When it comes to commercialising robotic touch, Melexis seems to be the company nearest to doing so. Staff at its R&D centre in Bevaix, Switzerland, have been investigating this area for several years. Prototypes that the company has demonstrated using its proprietary Tactaxis magnetic sensor technology allow high-resolution 3D force vector soft sensing. Accompanying the sensor is a magnet which has been embedded into an elastomer material (thus providing a malleable contact interface). The deformation caused by an applied force may be precisely determined via the changes to magnetic field witnessed. Thanks to the gradiometric approach employed, the multi-axis sensing device is immune to the presence of stray magnetic fields, thereby safeguarding against the prospect of measurement errors occurring. The team’s objective now is to get the solution’s footprint dimensions down to 10mm × 10mm - so that it is better aligned with the size of a human fingertip.
There are also research institutes looking at the practicalities of mass production. Earlier this summer a team from the Technical University of Munich (TUM) announced the development of a process that in the not to distant future could enable the volume manufacturing of soft sensors via conventional 3D printing equipment. It would then be possible to wrap the stretchable, skin-like material produced around robot parts involved in fragile object manipulation - effectively making such functionality simple to implement, regardless of the shape or size of the parts involved. The upshot of this would be that much greater economies of scale could be benefited from, avoiding the need for making different bespoke shapes for each robot hardware configuration.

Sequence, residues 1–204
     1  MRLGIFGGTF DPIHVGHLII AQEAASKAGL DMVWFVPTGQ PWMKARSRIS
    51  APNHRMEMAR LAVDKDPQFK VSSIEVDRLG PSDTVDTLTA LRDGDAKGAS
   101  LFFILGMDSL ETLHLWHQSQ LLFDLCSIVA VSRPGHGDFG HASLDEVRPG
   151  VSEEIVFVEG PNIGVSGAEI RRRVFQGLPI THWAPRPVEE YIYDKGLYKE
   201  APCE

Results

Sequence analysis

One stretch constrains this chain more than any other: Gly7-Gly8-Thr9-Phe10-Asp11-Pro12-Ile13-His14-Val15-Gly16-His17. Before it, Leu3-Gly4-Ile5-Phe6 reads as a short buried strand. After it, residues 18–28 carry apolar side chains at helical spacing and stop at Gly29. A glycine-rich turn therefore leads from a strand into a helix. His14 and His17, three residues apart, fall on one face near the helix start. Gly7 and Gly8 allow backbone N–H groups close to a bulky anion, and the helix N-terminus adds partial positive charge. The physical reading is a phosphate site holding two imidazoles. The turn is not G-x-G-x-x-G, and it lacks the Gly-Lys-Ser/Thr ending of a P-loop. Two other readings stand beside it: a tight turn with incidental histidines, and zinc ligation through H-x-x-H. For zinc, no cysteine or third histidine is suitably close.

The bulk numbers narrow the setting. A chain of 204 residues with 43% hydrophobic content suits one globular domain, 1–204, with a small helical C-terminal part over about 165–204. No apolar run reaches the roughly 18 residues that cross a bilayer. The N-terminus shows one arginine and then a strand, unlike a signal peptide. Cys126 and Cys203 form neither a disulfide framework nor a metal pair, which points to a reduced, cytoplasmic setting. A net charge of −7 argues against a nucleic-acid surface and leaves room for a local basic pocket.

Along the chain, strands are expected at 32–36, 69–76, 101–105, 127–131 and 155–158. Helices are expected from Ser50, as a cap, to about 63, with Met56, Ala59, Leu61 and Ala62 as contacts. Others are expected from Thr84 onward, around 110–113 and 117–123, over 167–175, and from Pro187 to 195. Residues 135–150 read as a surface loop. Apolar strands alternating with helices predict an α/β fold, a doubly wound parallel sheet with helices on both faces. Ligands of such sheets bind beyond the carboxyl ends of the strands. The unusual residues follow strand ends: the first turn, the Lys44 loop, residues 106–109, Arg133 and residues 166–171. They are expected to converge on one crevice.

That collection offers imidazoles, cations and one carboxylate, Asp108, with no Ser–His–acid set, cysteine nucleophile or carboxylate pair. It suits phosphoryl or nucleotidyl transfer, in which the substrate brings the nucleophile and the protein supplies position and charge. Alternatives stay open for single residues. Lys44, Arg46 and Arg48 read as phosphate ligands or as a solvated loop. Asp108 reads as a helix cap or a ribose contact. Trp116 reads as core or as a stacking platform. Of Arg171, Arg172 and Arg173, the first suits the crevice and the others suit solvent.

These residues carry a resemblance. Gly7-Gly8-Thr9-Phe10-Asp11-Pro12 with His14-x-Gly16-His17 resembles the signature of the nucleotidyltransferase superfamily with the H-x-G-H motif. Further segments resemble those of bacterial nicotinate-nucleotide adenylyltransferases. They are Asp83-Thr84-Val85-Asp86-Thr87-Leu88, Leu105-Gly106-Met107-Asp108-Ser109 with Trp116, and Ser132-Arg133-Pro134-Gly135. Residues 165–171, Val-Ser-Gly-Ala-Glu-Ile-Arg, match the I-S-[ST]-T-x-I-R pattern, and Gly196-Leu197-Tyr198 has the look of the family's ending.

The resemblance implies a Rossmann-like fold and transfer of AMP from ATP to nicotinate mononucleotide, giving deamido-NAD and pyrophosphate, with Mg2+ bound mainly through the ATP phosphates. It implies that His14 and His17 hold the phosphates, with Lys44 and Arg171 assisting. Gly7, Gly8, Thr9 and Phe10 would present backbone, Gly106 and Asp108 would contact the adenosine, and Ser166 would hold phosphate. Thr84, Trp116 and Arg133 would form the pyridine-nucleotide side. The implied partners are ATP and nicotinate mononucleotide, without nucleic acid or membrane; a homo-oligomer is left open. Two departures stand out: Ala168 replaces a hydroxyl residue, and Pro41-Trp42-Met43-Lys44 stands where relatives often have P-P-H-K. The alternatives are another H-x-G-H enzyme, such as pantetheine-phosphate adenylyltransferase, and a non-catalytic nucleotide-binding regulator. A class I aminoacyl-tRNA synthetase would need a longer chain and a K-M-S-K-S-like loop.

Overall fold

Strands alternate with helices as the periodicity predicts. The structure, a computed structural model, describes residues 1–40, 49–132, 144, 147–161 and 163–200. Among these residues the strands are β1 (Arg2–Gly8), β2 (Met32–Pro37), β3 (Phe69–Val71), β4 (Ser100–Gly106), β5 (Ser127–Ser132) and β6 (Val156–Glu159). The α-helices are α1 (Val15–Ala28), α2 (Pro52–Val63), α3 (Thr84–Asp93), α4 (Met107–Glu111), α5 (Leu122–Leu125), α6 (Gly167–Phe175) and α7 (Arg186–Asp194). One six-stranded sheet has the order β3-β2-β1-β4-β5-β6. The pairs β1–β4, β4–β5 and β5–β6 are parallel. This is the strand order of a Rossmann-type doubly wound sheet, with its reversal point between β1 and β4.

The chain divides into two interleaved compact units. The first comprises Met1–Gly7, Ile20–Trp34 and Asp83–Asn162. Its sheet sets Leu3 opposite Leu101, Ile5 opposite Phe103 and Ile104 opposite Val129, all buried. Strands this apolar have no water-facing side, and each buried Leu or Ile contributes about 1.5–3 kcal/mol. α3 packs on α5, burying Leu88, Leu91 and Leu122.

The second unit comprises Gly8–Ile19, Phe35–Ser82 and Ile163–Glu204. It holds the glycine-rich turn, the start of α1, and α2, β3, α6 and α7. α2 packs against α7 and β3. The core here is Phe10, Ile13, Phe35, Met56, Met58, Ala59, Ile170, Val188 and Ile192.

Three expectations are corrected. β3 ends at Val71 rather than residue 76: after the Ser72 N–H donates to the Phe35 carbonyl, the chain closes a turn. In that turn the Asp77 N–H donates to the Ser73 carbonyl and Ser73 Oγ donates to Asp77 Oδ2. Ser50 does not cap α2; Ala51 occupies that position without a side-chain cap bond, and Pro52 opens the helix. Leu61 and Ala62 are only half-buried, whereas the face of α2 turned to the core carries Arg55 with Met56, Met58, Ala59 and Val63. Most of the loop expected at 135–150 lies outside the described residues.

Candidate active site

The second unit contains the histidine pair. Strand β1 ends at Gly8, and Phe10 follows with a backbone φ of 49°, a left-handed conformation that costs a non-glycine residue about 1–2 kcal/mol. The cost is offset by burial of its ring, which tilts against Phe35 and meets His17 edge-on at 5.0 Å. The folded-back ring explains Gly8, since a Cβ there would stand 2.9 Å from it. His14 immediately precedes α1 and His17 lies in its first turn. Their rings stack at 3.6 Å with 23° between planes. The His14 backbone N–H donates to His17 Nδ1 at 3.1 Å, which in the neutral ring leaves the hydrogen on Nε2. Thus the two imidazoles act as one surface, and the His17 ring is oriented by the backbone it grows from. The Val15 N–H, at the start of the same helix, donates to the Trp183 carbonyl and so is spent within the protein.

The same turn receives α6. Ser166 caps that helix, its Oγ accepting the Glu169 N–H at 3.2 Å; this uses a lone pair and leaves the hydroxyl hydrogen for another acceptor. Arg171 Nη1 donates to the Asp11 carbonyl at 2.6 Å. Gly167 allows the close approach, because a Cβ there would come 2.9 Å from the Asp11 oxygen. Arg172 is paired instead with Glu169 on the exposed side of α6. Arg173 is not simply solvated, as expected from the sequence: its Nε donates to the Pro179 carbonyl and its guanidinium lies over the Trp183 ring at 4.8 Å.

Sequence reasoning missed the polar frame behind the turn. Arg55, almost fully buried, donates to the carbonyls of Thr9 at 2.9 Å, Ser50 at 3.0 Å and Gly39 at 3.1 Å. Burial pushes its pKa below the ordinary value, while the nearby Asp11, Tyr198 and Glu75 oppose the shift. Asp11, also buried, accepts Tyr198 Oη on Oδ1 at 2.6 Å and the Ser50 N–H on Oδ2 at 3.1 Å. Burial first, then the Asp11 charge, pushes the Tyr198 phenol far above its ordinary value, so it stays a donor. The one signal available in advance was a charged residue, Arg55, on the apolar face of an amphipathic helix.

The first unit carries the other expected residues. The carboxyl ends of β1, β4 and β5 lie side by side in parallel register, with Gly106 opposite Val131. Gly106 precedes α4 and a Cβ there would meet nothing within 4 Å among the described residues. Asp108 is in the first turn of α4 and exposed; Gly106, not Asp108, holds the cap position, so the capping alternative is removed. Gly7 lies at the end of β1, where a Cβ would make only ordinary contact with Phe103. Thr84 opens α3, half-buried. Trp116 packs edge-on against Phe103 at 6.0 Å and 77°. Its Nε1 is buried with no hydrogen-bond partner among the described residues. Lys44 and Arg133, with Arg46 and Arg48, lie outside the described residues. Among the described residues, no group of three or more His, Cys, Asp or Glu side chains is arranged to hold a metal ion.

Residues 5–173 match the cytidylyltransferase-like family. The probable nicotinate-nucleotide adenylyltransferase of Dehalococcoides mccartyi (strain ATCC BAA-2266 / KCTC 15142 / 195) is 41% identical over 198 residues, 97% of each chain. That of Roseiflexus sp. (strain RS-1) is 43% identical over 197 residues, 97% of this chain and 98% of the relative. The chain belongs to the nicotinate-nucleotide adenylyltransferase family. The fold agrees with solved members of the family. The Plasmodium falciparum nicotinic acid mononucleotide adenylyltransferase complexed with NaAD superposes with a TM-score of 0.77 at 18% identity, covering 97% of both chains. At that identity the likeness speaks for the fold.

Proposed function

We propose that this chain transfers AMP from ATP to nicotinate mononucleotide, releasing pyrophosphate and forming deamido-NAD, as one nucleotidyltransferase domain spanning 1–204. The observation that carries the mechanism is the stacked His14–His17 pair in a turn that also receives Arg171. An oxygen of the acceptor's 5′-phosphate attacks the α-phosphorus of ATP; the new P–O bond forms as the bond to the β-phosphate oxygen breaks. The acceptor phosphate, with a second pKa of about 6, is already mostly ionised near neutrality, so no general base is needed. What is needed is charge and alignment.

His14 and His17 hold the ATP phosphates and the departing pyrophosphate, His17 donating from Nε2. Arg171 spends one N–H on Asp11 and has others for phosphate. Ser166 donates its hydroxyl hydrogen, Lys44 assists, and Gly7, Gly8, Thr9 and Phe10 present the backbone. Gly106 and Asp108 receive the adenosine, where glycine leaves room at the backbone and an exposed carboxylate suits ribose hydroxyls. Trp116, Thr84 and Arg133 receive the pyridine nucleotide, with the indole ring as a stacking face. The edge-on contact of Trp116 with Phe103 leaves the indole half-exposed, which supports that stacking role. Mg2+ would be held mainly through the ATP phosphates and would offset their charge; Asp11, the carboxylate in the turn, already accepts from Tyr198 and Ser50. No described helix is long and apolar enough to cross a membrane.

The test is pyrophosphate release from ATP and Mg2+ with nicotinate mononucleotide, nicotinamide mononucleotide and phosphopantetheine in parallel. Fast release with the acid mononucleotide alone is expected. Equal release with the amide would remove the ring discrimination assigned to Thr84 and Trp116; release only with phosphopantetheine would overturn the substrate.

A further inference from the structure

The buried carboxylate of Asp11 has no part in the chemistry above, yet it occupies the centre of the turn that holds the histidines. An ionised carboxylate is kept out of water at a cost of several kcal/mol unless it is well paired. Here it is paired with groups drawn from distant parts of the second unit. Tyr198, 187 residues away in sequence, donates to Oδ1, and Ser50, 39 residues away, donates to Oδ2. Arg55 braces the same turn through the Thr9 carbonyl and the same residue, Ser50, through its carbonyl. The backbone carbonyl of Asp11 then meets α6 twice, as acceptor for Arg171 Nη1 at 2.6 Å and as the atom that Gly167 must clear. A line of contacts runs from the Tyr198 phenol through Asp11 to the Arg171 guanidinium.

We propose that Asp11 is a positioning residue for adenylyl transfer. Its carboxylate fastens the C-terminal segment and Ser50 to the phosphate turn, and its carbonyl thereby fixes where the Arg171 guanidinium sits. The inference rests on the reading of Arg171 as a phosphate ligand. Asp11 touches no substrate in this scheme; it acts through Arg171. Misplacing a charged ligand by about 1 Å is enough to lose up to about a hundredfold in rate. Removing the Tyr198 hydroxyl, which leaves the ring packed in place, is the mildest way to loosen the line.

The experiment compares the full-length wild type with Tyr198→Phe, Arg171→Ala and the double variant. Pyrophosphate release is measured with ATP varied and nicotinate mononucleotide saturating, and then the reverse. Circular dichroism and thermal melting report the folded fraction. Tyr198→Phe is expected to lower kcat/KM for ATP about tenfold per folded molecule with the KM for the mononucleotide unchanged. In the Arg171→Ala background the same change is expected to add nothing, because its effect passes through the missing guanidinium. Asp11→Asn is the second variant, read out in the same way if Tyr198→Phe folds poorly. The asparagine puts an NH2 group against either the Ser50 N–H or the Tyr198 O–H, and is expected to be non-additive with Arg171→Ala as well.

Among the other places where work is underway is the Bristol Robotics Laboratory. The angle its researchers are taking is how a sensory artificial skin could be advantageous to those with prostheses. By adding tiny pin-sized sensors (almost analogous to the papillae nerve endings found on human tongues) to the surface of a prosthetic hands, there is the prospect of touch-like capabilities being enabled.
At the University of Tokyo, things are being taken even further. The ground-breaking biohybrid robotics studies that have been embarked upon there involve the digits of a robotic hand having organic cell cultures (a couple of mms thick) grown on them. This is being achieved through the application of a mixture of collagen, dermal fibroblasts and keratinocyte cells. The argument for growing a skin onto mechanical apparatus is that it will then provide an optimal fit, better aligned with any bending movements being actioned - whereas for a sheet cut-to-size there will probably be some unavoidable tolerance compromises. In addition, there may even be the possibility of self-healing properties to factor in (thus extending longevity). At this point it really starts to sound a lot like something out of a James Cameron movie though - don’t you think?